What is the Impact of Uber, Homejoy and Others on the Transportation and Housekeeping Industries?

Has the rise of these companies come at the expense of honest working folks who play by the rules and don't skirt regulatory issues to get ahead?
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This post was co-authored by Boris Vassilev, a data scientist at Scripted.com.

No doubt 2014 is a great year to be a smartphone owner. You have an endless array of options at your fingertips for any service imaginable. If you want to hail a ride from San Francisco to Oakland, you can use Uber, Sidecar or Lyft. If you want to ship a package, you can use services like Postmates, Shyp and others. You can have fresh food delivered to your home, your laundry done and a hotel reservation completed all by hitting a few buttons. But what has the advent of these services done to established industries? Has the rise of these companies come at the expense of honest working folks who play by the rules and don't skirt regulatory issues to get ahead?

We decided to take a look at two industries in particular: transportation and housekeeping (which broadly encompasses handiwork, babysitting and housecleaning), to see what the macro effect looks like. We chose transportation and housekeeping because they're well-established, venture capitalists have invested a lot of money in both spaces and gigantic tech businesses are being built within each vertical.

By way of background, we work at Scripted.com, which is a company that helps businesses create written content through our network of U.S.-based freelance writers. We watch the trends in our industry -- the freelance marketplace -- and other industries very closely, and consider them an analog for our own business.

What we found was the transportation and housekeeping industries were in a recession long before tech entered the picture. We looked at Bureau of Labor Statistics data over a 10-year period to see how wages within the transportation and housekeeping industries performed against the national averages, as you can see in the two graphs below.

In the graph below, we can track the progress of both national and industry-specific wages over the previous decade.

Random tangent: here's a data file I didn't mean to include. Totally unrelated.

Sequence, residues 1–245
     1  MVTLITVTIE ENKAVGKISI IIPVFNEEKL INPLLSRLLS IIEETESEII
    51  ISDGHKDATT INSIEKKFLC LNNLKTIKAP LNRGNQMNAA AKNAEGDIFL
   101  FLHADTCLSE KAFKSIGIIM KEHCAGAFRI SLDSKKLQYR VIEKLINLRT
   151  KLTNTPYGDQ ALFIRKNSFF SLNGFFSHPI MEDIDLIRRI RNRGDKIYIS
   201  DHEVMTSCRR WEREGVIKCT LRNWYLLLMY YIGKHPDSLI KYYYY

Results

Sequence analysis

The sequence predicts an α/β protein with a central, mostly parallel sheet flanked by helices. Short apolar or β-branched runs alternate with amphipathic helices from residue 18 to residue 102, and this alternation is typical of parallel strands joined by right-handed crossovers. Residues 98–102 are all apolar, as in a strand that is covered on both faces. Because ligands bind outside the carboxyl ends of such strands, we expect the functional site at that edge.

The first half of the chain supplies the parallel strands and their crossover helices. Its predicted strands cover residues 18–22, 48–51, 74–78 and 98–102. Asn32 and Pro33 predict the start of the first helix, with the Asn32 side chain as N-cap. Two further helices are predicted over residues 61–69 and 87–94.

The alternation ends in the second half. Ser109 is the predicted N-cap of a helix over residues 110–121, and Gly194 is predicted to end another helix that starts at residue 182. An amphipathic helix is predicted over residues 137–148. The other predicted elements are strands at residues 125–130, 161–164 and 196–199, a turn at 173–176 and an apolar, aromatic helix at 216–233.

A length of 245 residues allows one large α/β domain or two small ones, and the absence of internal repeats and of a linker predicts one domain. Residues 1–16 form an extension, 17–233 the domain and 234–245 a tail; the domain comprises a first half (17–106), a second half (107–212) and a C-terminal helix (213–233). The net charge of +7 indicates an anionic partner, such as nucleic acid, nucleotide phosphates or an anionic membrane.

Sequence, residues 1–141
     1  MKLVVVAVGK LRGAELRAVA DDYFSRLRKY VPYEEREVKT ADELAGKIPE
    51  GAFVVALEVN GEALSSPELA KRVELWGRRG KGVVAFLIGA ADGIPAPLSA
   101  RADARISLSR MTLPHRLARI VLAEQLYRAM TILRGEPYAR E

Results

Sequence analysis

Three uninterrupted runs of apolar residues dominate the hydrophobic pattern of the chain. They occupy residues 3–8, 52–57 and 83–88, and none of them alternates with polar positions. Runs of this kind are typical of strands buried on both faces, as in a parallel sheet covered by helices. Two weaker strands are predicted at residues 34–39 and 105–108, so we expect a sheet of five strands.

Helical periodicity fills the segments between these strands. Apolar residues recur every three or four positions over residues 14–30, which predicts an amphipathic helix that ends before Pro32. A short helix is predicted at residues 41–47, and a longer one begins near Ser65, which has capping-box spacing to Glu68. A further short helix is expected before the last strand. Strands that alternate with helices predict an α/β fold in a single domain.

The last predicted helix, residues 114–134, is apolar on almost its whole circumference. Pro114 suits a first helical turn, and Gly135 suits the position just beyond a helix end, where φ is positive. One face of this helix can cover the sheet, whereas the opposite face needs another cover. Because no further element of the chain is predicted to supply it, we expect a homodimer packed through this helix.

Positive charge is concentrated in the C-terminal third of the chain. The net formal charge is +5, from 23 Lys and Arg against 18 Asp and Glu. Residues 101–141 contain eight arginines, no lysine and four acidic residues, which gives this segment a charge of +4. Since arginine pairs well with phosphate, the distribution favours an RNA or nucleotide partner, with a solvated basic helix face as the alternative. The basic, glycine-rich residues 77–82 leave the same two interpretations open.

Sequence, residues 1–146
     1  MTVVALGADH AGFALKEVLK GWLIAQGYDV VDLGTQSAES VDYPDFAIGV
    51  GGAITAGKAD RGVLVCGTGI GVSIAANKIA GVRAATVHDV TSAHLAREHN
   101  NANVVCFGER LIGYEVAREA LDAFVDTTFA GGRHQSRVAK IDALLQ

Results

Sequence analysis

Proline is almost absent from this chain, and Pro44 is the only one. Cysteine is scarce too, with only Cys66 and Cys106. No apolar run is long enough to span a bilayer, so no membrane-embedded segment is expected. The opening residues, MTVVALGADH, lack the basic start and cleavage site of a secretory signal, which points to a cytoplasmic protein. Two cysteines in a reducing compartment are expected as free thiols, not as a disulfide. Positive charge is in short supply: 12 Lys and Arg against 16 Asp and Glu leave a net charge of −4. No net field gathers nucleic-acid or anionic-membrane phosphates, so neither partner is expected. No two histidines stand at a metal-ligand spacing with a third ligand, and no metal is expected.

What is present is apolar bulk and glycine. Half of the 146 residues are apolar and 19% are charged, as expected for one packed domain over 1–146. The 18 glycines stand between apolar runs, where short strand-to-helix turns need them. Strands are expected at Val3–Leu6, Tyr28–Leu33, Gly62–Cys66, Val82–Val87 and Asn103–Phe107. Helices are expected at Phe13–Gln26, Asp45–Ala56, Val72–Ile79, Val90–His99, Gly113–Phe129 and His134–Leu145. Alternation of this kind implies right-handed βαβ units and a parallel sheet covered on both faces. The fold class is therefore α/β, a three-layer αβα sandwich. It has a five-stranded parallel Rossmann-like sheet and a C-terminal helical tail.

The growing gap between the national and industry-specific wages grows even clearer in the difference chart below.


The average national wage (whose natural growth has lagged behind inflation since the late 2000's economic crisis) increase far outpaces the wage growth for both the housekeeping and the transport industries. The size of the wage growth gap started accelerating in the early 2000's, and has been increasing steadily ever since. This difference appears unaffected by the market crash and was present long before smartphones -- the preferred medium for many new tech companies -- received massive adoption, and therefore long before Uber, Homejoy and other services like these existed. The workers in transportation and housekeeping have been faced with decreasing work prospects for longer than the past decade.

Why Were These Industries in Decline?

We can only speculate as to why the industries were already in decline, but it's probably the reason entrepreneurs and venture capital started to enter the fray. The transportation industry is heavily regulated, and its fate is often tied to political interests. Limitations on the number of active taxis in large city centers and the rising cost of medallions, which forced most taxi operators to lease their vehicles instead of working directly for themselves, didn't help matters. In New York City, the bidding cost for a pair of cab medallions increased sevenfold, from $350,000 to $1.3 million, between 2004 and the latest auction.

Cities take a large cut of medallion costs, something they are interested in maintaining, but which even further truncates growth. In San Francisco, the city allows the transfer of a taxi medallion between individual owners to the tune of $300,000 with a fee of $100,000 taken directly from the price and deposited into the city's purse. These are just a handful of many regulations within established industries that made it possible for businesses like Uber and Lyft to gain a lot of traction.

The same can be said for the housekeeping industry, which is also heavily regulated in the state of California and elsewhere. The combination of fragmented supply, plus heavy regulation, may be two of the reasons we are seeing a lot of entrepreneurs build solutions in these spaces.

The top housekeeping tech companies have received hundreds of millions of dollars over the past few years (including the IPO of Care.com), and the top handful of transportation companies have netted near a quarter of a billion dollars. Single players like Uber and Lyft have amassed over $250 million each to build their businesses. Idealistically, what these companies strive to do is to "grow the pie" and make it possible for more people to make more money.

On the flipside, many argue that this comes at the expense of people who have been doing things "by the book" for a long time.

What Does This Mean for the Future of Established Industries?

Industries that are heavily regulated, with fragmented supply, are going to face significant pressure from competitors that are looking to move fast. That being said, these new tech companies are not anywhere close to supplanting established industries. Traditional companies continue to grow, but the rapid expansion of this new breed of technological competitor will force traditional companies to adapt in order to maintain competitiveness. Ultimately, this is great for customers, and potentially great for people who work in these industries.


Boris Vassilev is a data scientist at Scripted.com, a leading provider of high-quality, original written content. Boris graduated from Columbia University and enjoys travel, science fiction and rock climbing.

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